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Trademarks in the Supreme Court in 2020

Posted on Dec 17, 2020 in Articles

Over the course of this year, the Supreme Court has been actively accepting Trademark cases for review. Four major cases between 2019 and 2020 have emerged which have significant implications for trademark law. Below, we discuss two cases reviewed this year.

United States Patent and Trademark Office v. B.V.

The first case arose as the result of a refusal by the USPTO to register the trademark BOOKING.COM, stating that the generic term “booking” coupled with “.com” was considered too generic to register. While the U.S. Court of Appeals for the Fourth Circuit held that BOOKING.COM should be considered a registrable trademark, the USPTO disagreed. The Supreme Court in US Patent and Trademark Office v. Booking. com BV, 140 S. Ct. 2298, 207 L. Ed. 2d 738 (U.S. 2020) sided with, ruling that such a term is “a generic name for a class of goods or services only if the term has that meaning to consumers”, bolstering’s argument that “under the Lanham Act, the consumer is king.” The opinion was delivered by the late Justice Ginsberg and joined by eight members of the court, with Justice Breyer dissenting and Justice Sotomayor filing a concurring opinion.

A generic term describes a class of goods or services rather than identifying a particular source for that product or service. As a rule, a generic term is never entitled to trademark protection because providing a generic term with trademark protection would be like granting a monopoly in the product. Taking this per se rule, the USPTO based its refusal on the basis that the combination of “booking” and “.com” is merely pairing a generic term with a top-level domain, which results in a generic mark. However, here, the court stated that the mark BOOKING.COM should be considered as a whole, and not its parts in isolation. Thus, the analysis should be whether the whole term signifies to the consuming public a class of goods and services rather than a particular source of those goods or services. To that effect, provided survey evidence showing that 74.8% of relevant consumers consider a brand, rather than a generic case.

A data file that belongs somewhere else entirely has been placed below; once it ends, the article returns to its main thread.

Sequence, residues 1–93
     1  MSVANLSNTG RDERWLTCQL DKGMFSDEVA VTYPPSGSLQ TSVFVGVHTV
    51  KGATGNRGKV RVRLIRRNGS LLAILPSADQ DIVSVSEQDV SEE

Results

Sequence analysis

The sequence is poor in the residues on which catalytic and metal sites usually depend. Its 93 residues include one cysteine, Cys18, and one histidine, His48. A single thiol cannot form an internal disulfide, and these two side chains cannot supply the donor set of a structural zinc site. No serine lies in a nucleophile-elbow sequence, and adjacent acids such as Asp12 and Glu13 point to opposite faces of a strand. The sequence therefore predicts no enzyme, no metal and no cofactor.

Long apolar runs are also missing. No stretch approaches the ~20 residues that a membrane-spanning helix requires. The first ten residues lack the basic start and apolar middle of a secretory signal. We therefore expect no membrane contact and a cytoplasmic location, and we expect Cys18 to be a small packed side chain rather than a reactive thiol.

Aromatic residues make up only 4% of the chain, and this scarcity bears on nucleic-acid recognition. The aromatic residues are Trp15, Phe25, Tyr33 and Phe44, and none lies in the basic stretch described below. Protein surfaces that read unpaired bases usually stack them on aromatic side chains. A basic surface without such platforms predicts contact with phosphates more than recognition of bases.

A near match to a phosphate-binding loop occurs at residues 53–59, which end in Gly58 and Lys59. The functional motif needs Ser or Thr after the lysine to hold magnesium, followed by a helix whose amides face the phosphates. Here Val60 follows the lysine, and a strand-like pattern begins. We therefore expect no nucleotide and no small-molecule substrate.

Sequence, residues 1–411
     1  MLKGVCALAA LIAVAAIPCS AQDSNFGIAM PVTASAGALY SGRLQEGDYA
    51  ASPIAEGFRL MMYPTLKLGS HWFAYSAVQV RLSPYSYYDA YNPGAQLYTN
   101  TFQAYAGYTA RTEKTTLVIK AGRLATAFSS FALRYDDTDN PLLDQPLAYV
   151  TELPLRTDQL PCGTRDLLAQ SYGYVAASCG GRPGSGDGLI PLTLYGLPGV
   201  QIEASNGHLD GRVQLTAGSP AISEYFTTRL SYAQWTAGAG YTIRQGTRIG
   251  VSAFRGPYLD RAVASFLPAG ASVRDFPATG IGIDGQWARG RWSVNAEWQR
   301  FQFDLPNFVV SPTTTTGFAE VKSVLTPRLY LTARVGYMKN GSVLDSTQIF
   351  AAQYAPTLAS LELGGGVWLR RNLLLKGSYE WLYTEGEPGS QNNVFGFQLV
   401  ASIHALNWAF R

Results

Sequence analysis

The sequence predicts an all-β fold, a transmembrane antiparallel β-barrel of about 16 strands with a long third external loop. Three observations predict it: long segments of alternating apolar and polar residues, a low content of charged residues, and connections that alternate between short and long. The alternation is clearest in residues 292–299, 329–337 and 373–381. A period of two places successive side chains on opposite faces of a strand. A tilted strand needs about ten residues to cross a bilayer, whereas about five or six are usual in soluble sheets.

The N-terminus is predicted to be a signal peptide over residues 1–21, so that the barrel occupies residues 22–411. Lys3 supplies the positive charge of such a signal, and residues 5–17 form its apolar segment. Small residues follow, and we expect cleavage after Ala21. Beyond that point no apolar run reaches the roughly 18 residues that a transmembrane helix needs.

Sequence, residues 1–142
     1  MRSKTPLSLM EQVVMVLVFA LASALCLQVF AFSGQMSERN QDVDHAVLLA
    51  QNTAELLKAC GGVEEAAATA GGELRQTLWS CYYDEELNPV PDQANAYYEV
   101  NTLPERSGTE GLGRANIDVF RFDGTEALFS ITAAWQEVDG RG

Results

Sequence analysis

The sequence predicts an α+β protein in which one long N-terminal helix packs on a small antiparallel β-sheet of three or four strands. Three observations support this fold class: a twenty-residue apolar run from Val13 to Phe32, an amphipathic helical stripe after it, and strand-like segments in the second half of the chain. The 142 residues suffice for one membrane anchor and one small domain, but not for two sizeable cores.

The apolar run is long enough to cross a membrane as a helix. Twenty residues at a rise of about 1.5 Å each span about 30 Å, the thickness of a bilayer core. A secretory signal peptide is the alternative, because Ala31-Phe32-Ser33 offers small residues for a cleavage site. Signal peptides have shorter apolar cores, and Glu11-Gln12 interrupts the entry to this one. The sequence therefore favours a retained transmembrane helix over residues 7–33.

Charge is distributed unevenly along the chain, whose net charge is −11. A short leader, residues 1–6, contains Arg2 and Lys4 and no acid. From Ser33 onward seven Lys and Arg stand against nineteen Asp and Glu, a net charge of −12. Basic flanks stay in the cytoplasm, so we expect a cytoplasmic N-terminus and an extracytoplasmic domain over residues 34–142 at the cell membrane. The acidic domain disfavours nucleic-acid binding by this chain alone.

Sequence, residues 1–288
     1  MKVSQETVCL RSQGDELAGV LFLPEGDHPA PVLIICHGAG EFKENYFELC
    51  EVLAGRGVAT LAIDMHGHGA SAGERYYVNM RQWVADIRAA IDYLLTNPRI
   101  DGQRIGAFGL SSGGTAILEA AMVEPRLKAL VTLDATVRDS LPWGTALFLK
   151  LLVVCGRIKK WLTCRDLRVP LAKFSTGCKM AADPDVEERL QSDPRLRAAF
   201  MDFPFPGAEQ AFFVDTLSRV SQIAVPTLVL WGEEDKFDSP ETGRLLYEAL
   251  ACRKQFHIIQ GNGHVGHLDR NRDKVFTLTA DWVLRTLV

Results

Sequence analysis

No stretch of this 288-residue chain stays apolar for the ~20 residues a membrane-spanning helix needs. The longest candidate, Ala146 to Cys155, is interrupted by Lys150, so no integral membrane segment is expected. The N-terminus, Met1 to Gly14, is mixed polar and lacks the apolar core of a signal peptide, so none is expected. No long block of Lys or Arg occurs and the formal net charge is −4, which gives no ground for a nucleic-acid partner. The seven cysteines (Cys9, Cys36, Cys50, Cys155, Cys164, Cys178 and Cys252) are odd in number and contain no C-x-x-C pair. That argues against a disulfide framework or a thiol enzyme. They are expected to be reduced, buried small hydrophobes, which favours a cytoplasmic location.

The USPTO took the position that “trademark protection for ‘’ could exclude or inhibit competitors from using the term ‘booking’ or adopting domain names like ‘’ or ‘”, to which the Supreme Court offered two rebuttals:

First, the owner of such a trademark would still need to show likelihood of confusion to prove infringement. This would be particularly difficult to prove for a weaker mark.

Second, the doctrine of descriptive or classic fair use permits the use of a descriptive term other than as a mark to describe the party’s own goods or services: thus, the registration of “” would not prevent competitors from using the word “booking” to describe their own services.

While the Supreme Court hasn’t necessarily opened the doors to a floodgate of generic terms coupled with a top-level domain, the present ruling shows that registration of such marks can still be possible with a showing that the average consumer would regard the said mark as a brand, rather than a generic case.

Romag Fasteners v. Fossil

In this second 2020 case, the Supreme Court in Romag Fasteners, Inc. v. Fossil, Inc., 140 S. Ct. 1492, 206 L. Ed. 2d 672, 590 U.S. (2020) resolved the issue of whether a trademark owner was entitled to relief absent a showing of willful infringement: the Court ruled that yes, a trademark infringer could lose its profits despite being an innocent infringer.

Romag, which manufactures fasteners that can be used in leather goods, and Fossil, which manufactures leather products such as bags and watches, came to an agreement in which Fossil would use Romag’s fasteners in its products. However, upon discovering that factories employed by Fossil were using counterfeit Romag fasteners, Romag sued. Romag was awarded damages in the amount of $6.7 million, even though Fossil was not aware of the infringement. The Court of Appeals stated that Romag should not be awarded Fossil’s profits, but the Supreme Court disagreed.

According to the Supreme Court, mens rea, or the state of mind of the infringer, should not be the only consideration for an award of the infringer’s profits. Indeed, Section 1117(a) of the Lanham Act, which is the federal statute that governs trademarks, service marks, and unfair competition, does not mention mens rea with regard to an infringer despite surrounding sections that do. The court did note, however, that the mens rea of the infringer is still an important condition; just not the absolute condition. In future cases of an innocent infringer, awards may still be awarded to the harmed party even without a showing of willful infringement.

by Saval Desai


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